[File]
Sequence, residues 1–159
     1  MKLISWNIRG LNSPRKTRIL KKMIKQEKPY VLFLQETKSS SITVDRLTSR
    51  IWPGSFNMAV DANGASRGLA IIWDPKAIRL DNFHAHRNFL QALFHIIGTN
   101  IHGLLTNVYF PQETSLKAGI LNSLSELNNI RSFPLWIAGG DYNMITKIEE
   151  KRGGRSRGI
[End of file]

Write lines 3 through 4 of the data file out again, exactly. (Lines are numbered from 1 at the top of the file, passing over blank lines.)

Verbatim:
    51  IWPGSFNMAV DANGASRGLA IIWDPKAIRL DNFHAHRNFL QALFHIIGTN
   101  IHGLLTNVYF PQETSLKAGI LNSLSELNNI RSFPLWIAGG DYNMITKIEE